Monday, August 13, 2012

Review of "Historical Reliability of John's Gospel"

John's Gospel has come under attack for years. When one compares it to the synoptics, it is obvious to see the differences. John seems to write with a more theological than historical bent. John records many unique stories, only found in his gospel. The end result is that the fourth gospel is often discarded in scholarly discussions. For instance, the Jesus Seminar has largely rejected John, stating that it is made up of false stories.

Craig Blomberg seeks to establish the historical reliability of the Gospel of John in his book, The Historical Reliability of John's Gospel. Blomberg is well qualified to do this, being an expert in gospel literature and having also penned, The Historical Reliability of the Gospels. Blomberg's work here is unique because it functions as a commentary that focuses almost exclusively on defending the reliability of what John has written. One will not find an in-depth exegesis of any one given passage. Rather, one will find a series of tight, logical arguments that favor trusting what John has written.

The work itself is somewhat tedious after awhile--not because Blomberg is a bad author but because most of the attacks on John from liberal scholarship follow the same basic arguments. For instance, many liberal scholars reject the possibility of miracles a priori because it goes against a naturalistic worldview. Blomberg has to continually refute that very idea throughout the entire Gospel. In essence, whenever a miracle occurs, Blomberg addresses the critics in virtually the same way. Again, this isn't a shortcoming on Blomberg's part. Rather, it is a testament to how shallow much of the recent criticism of John's Gospel actually is.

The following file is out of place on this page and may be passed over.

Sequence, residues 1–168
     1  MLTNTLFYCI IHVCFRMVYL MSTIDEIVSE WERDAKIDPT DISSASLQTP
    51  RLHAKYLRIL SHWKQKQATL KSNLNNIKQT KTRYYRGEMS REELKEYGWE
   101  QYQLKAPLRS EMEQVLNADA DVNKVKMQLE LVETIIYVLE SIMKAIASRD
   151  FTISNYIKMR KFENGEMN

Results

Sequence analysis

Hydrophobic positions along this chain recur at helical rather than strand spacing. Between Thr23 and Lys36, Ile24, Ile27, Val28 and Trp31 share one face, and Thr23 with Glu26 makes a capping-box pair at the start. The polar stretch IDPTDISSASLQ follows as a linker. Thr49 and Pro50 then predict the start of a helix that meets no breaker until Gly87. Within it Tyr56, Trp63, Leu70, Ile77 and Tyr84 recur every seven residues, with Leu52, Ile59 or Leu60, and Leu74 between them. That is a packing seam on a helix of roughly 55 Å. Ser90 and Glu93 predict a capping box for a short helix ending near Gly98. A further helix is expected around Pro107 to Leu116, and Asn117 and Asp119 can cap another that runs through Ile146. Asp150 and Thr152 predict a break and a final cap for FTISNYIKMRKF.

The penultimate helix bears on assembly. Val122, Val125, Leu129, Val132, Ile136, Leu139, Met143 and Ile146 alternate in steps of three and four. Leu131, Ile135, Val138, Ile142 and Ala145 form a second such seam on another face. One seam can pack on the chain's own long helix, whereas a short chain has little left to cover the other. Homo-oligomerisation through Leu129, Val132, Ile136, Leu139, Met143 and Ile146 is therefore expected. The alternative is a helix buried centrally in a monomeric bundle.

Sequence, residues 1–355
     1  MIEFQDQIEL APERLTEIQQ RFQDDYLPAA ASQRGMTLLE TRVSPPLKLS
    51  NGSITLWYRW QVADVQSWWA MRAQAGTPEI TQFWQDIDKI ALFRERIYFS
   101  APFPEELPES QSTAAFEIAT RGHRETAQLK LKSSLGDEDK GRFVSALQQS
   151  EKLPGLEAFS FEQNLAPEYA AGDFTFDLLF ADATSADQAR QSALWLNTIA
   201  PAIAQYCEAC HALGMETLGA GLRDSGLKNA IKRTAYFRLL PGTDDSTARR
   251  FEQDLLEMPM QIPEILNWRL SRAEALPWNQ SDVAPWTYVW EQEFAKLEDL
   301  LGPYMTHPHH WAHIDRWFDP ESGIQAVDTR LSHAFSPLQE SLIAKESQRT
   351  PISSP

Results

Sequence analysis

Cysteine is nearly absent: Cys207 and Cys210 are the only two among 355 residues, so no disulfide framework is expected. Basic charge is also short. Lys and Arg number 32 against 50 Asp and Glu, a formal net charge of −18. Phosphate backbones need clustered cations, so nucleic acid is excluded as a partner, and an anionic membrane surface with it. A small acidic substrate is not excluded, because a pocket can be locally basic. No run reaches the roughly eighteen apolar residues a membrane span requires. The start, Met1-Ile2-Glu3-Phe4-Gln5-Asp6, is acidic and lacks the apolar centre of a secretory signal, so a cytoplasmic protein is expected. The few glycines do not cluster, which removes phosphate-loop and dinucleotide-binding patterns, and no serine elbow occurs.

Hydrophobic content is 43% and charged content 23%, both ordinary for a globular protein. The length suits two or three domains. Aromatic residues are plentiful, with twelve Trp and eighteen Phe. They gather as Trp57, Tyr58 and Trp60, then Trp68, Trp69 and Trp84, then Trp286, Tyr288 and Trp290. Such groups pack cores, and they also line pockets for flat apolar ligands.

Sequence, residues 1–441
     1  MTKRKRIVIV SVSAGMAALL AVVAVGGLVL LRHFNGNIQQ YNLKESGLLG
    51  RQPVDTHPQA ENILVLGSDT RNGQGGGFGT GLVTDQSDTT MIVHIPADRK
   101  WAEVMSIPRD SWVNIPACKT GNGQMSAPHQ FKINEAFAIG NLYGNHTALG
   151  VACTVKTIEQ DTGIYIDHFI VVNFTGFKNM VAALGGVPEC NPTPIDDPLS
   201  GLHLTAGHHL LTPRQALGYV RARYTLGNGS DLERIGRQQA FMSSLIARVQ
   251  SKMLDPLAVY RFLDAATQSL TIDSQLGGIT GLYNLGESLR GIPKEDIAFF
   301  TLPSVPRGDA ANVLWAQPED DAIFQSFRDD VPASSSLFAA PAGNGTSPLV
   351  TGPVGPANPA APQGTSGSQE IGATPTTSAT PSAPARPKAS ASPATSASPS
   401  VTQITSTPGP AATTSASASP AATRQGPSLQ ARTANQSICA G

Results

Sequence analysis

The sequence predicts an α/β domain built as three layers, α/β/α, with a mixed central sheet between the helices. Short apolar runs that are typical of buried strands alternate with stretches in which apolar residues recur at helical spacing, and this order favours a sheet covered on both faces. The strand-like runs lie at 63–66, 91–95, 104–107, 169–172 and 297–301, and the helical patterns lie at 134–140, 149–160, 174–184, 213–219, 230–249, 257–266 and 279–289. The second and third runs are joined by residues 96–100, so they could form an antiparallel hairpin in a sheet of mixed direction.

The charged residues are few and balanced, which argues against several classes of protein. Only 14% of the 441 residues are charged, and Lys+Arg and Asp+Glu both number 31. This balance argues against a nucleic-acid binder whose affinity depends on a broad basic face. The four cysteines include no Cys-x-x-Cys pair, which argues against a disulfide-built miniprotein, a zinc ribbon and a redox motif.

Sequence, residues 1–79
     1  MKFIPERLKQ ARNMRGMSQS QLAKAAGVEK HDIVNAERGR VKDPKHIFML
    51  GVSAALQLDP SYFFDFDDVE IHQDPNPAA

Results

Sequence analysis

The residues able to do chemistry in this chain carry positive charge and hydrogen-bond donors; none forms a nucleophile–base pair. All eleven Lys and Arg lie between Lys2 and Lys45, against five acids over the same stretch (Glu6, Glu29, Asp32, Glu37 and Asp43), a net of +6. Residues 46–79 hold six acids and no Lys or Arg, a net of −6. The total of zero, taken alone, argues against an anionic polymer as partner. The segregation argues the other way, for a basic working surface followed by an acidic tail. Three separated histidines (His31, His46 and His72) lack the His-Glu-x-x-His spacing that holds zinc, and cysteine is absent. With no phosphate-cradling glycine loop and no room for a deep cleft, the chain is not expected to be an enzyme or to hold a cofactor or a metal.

At times it feels as if Blomberg sacrifices too much for the sake of scholarship. For instance, when dealing with the arrest of Jesus in John 18, he argues that when Jesus said, "I am," the shock of the statement caused the soldiers to stumble on the uneven ground and since they were likely walking close together, many fell. Blomberg then argues that John saw the irony in this and interpreted it as such. While I understand he is attempting to defend the Bible from historical critics, I think that his argument here does more to discredit his own position. If John has interpreted natural causes as being divine here, what prevents us from using that same argument throughout the rest of John's Gospel. Perhaps John was over-interpreting purely naturalistic events. Again, I don't think Blomberg's position here is totally discredited; it just seems to be undermined a bit. It also makes one wonder if it is always helpful to try to defend an event based on purely naturalistic causes. I think it is wiser to simply state John records that when Jesus spoke, the men fell at his power. Whether it is historical cannot be discerned. It seems disingenuous to John, however, to try to interpret the event as caused by a purely naturalistic sequence of events.

Overall, however, this book is excellent. It deals effectively with major and minor criticisms of John's Gospel. The bibliography is exhaustive and Blomberg clearly knows his stuff. Pastors and seminary students will likely find in this work reassurance and joy that the Gospel of John can still stand strong after the smoke from the attacks has cleared.

*Thanks to IVP for providing a review copy of this work in exchange for a fair review.*

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